Flavonoids are a class of plant-derived dietary polyphenols that have attracted attention for their pro-cognitive and anti-inflammatory effects. The diversity of flavonoids and their extensive in vivo metabolism suggest that a variety of cellular targets in the brain are likely to be impacted by flavonoid consumption. Initially characterized as antioxidants, flavonoids are now believed to act directly on neurons and glia via the interaction with major signal transduction cascades, as well as indirectly via interaction with the blood-brain barrier and cerebral vasculature. This review discusses potential mechanisms of flavonoid action in the brain, with a focus on two critical transcription factors: cAMP response element-binding protein (CREB) and nuclear factor kappa-light-chain-enhancer of activated B cells (NF-κB). To advance beyond current understanding of cellular targets, critical bioavailability studies need to be performed to verify the identity and concentration of flavonoid metabolites reaching the brain after ingestion and to validate that these metabolites are produced not just in rodent models but also in humans. Recent advances in human induced pluripotent stem cell (iPSC) differentiation protocols to generate human neuronal and glial cell types could also provide a unique tool for clinically relevant in vitro investigation of the mechanisms of action of bioavailable flavonoid metabolites in humans.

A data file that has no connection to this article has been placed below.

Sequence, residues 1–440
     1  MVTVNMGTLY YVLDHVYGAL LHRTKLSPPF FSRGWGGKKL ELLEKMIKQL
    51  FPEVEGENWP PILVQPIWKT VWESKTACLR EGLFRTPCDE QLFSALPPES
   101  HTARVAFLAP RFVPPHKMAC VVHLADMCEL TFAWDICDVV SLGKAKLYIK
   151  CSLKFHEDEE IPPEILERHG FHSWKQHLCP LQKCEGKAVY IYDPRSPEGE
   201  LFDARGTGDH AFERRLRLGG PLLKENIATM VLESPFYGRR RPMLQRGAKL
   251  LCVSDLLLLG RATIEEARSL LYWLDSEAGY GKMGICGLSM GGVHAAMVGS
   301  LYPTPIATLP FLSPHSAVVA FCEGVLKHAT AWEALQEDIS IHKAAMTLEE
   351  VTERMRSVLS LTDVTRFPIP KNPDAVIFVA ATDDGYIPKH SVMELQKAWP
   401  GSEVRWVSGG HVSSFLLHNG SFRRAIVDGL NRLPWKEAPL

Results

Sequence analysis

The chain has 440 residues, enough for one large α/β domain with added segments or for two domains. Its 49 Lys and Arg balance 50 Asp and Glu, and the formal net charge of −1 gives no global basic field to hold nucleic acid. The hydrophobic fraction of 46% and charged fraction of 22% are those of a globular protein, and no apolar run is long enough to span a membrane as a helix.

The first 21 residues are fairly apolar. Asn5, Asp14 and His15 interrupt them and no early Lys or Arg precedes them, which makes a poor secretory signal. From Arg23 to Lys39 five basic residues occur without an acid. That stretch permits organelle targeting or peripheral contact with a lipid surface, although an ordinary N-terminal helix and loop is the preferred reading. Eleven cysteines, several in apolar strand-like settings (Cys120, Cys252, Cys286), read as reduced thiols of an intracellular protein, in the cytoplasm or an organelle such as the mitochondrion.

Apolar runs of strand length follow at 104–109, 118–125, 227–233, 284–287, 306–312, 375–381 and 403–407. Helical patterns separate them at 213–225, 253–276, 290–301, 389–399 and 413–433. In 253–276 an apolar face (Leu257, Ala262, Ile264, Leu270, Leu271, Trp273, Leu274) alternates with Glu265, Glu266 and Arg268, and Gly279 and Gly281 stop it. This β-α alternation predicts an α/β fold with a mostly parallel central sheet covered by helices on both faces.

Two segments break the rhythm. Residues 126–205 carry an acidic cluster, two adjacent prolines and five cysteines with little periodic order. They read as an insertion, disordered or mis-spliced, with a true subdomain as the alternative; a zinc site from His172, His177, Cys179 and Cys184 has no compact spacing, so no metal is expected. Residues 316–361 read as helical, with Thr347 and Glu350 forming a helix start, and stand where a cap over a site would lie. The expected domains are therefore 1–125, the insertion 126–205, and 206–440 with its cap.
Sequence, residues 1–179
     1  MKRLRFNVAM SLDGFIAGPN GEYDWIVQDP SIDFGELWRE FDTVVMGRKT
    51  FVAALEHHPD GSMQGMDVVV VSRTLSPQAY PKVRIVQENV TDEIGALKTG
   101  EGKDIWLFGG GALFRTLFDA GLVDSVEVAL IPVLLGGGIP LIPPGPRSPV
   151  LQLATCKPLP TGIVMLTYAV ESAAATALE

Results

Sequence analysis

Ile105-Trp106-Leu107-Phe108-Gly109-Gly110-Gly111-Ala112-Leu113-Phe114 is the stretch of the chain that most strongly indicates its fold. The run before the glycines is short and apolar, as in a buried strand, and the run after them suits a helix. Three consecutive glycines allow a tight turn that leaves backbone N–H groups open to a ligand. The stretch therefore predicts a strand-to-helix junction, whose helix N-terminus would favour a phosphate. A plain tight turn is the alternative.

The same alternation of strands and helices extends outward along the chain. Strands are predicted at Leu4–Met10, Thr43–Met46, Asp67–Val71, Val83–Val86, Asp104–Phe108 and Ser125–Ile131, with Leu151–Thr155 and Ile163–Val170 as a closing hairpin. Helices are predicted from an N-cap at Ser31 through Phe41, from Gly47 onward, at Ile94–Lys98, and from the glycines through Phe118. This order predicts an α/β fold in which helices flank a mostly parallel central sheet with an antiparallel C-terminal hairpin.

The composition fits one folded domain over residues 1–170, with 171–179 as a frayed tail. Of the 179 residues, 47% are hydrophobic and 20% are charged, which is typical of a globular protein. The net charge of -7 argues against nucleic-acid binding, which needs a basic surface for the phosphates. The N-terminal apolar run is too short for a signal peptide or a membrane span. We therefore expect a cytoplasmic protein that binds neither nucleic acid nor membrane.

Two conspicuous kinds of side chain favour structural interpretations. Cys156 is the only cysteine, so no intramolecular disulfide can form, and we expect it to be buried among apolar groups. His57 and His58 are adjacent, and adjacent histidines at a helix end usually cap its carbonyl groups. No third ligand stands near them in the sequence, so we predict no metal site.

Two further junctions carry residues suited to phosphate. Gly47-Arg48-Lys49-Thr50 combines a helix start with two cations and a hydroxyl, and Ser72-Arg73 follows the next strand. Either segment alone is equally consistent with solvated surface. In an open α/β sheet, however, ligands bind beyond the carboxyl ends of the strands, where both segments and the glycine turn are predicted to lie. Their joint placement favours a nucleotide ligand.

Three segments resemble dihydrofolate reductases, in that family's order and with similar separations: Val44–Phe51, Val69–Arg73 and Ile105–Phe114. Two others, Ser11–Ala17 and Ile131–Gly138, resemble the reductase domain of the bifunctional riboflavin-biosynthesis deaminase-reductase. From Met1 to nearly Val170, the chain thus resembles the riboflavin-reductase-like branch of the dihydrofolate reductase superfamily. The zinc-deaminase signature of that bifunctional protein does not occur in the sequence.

Keywords: CREB; Cognition; Flavonoid; NF−κB; Natural products; Neuroinflammation.
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